Education

Year Institution Degree Discipline
1975 Vassar College BA
1987 University of California, Berkeley MA Microbiology
1984 George Washington University School of Medicine and Health Sciences MD

Professional Experience

University of California, San Francisco

1984 to 1987
Intern and Resident, Internal Medicine
1987 to 1988
Postdoctoral Clinical Fellow, Division of Infectious Diseases
1988 to 1992
Research Fellow, Divisions of Infectious Diseases and Clinical Pharmacology/Experimental Therapeutics
1988 to 1992
Clinical Instructor of Medicine, Division of Infectious Diseases
1991 to 1992
Assistant Research Microbiologist, Department of Laboratory Medicine
1992 to 1994
Assistant Adjunct Professor of Medicine, Division of Infectious Diseases
1994 to 1998
Assistant Professor of Medicine in Residence, Division of Infectious Diseases
1998
Associate Professor of Medicine in Residence, Division of Infectious Diseases

Honors

Year(s) Award
1984

American Medical Women's Association Scholarship Achievement Citation

1984

ICAAC Young Investigator Award (American Society for Microbiology)

1994 to 1995

Pierre Richard Dick-Virbac Foundation First International Award

1994 to 1998

Pew Scholars Program in the Biomedical Sciences Grant

1997

American Society for Clinical Investigation

Table of Contents

Growing Up
1

Family background. Living in Washington. Early interest in medicine. Early science experiments. Meaningful influences. Parental expectations. Religious upbringing. Religion and science. School. Influential teachers. Applying to colleges.

Undergraduate Career
15

Attends Vassar College. Courses and influential professors. Social life. Struggle with Hashimoto's thyroiditis. Activities. Applying to medical and graduate schools.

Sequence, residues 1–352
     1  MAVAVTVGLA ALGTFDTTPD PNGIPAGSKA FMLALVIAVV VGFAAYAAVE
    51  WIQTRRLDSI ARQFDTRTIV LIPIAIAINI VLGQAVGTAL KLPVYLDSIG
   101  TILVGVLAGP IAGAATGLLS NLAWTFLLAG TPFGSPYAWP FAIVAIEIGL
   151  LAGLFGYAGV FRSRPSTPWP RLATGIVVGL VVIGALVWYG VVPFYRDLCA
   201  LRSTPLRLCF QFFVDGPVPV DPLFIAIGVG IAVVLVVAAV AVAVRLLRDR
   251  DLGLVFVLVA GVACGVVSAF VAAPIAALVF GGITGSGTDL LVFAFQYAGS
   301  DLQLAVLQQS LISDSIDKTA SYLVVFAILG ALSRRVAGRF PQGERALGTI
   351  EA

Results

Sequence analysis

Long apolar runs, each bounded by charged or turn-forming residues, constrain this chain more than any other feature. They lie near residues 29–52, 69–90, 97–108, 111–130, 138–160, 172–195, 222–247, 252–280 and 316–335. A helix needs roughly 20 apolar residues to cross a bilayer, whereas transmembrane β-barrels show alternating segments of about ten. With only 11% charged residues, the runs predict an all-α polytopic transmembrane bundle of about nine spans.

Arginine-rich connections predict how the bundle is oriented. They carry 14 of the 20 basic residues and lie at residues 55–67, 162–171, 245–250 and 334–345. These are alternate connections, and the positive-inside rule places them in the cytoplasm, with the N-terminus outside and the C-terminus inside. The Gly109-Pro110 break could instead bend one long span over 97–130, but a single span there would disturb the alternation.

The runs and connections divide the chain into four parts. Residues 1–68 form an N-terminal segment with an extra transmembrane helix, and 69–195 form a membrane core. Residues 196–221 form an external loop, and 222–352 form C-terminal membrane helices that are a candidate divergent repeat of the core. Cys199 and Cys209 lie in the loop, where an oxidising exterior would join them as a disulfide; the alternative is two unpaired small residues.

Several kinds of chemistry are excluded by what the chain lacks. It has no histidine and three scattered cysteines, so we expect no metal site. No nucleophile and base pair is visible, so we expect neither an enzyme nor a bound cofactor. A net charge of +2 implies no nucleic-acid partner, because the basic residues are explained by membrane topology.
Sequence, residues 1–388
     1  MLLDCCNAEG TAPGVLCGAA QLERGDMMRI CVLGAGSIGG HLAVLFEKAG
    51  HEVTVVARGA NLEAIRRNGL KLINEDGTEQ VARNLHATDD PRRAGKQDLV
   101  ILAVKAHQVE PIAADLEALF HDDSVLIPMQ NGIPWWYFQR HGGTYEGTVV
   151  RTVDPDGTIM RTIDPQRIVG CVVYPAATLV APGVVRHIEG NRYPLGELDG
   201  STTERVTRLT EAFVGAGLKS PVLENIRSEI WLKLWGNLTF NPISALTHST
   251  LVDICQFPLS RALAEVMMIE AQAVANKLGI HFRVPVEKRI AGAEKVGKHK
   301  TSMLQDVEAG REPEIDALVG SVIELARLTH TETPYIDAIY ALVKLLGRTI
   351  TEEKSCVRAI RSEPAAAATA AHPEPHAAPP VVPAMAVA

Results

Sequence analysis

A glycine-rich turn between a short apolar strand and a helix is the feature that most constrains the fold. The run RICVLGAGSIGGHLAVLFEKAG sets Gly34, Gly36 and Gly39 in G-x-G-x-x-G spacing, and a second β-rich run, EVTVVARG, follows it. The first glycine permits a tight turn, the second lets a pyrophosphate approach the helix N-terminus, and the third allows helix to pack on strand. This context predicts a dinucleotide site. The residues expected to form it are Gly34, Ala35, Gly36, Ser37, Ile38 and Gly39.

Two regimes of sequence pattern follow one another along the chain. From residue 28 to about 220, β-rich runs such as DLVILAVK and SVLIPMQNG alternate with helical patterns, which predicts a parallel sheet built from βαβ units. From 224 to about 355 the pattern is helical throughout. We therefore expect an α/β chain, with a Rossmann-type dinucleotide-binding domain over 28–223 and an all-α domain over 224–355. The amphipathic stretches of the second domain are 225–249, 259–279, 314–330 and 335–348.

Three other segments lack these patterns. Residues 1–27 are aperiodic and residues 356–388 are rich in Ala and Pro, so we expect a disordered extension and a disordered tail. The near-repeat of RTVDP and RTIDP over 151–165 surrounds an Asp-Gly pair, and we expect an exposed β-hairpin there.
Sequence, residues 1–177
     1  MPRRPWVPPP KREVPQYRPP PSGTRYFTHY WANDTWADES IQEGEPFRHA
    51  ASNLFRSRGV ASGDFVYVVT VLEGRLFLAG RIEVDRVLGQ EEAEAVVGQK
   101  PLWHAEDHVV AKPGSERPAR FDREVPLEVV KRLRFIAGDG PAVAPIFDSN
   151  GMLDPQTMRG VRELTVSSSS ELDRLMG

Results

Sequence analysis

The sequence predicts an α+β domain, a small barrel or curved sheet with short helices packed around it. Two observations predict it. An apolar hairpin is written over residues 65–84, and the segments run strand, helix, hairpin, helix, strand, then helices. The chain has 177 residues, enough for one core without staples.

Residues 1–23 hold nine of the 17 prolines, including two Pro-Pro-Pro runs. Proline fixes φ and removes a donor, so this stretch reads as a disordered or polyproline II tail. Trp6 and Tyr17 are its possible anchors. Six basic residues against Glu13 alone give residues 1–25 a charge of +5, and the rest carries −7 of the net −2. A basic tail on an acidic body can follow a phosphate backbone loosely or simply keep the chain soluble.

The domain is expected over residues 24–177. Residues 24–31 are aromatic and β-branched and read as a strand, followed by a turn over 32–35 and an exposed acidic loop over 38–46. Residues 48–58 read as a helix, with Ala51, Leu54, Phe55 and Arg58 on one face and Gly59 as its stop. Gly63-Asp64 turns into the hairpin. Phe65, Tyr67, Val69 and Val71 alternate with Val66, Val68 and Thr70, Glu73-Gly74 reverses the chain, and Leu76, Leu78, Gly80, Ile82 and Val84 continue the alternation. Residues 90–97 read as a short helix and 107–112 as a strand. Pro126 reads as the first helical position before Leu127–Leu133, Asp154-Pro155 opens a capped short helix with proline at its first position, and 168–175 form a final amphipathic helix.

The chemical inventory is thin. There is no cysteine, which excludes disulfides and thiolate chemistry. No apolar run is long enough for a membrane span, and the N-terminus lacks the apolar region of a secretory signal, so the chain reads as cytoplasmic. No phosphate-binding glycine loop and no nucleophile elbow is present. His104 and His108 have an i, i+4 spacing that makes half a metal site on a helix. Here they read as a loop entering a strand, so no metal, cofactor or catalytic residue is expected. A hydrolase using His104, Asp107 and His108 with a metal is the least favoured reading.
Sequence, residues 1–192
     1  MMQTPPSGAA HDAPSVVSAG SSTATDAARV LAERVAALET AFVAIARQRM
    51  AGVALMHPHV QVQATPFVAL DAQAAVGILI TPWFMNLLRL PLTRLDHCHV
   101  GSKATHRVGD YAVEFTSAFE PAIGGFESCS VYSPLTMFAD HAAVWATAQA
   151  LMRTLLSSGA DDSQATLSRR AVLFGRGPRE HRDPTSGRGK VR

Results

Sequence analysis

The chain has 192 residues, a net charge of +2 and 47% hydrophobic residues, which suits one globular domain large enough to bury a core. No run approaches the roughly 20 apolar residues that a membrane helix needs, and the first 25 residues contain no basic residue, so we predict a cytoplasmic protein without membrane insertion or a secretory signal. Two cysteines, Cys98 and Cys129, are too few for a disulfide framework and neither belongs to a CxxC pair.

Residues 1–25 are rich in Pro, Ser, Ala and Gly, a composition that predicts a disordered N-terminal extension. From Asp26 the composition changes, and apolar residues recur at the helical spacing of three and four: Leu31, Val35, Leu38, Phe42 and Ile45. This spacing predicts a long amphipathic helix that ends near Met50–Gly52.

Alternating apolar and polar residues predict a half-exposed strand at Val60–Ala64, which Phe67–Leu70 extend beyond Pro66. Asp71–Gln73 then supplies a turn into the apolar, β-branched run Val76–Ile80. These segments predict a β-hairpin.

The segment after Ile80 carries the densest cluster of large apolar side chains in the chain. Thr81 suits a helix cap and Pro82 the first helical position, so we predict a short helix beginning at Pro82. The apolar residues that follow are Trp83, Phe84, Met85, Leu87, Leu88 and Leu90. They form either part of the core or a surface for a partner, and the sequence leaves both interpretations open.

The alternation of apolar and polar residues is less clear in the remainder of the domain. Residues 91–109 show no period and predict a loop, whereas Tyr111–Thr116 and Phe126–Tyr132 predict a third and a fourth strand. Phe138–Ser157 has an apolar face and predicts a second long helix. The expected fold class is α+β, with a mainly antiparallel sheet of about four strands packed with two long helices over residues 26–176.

Graduate School Education
24

Enters Ph.D. Program at University of California, Berkeley. Research in Terry Leighton's lab. Decides against Ph.D. Earns Master's degree in microbiology. Work as research associate. Re-taking the MCAT. Re-applies to medical schools. Accepted to George Washington Medical School. Joins National Health Service Corps. Meets husband Stephen X. Nahm. Moving to California. Academic family history. Siblings' education and lives. Impact of professional careers on women. Difficulties with having children for women scientists. Gender biases in academia. Importance of female mentors.

Medical Internship and Residency
31

Choosing internal medicine Internship rotations. Interest in infectious diseases. Service obligations to National Health Service Corps. Residency at University of California, San Francisco. Camaraderie among female physicians.

Postdoctoral Research
55

Clinical infectious disease fellowship in Richard Stephens' lab. Identifies Bartonella quintana as causative agent of bacillary angiomatosis. Chlamydia trachomatis research. Research on bacillary Angiomatosis in Nina Agabian's lab. Looks for a job.

Life as a Principal Investigator
60

Employment and promotion structure at UCSF. Finding lab space. Grants. Teaching. Bartonella quintana epidemiology. Publication. Administrative responsibilities. Diversity of lab personnel. Work hours. Research with cat scratch fever. Typical day. Finding time for family. Gardening. Travel. Seeing patients. scientific discovery. Applications of research. Competition and collaboration. Ethics of falsifying data; human cloning; genetically modified foods. Regulating science. Goals. Challenges of academic research. Alternativecareer paths.

Index
118

About the Interviewer

Helene L. Cohen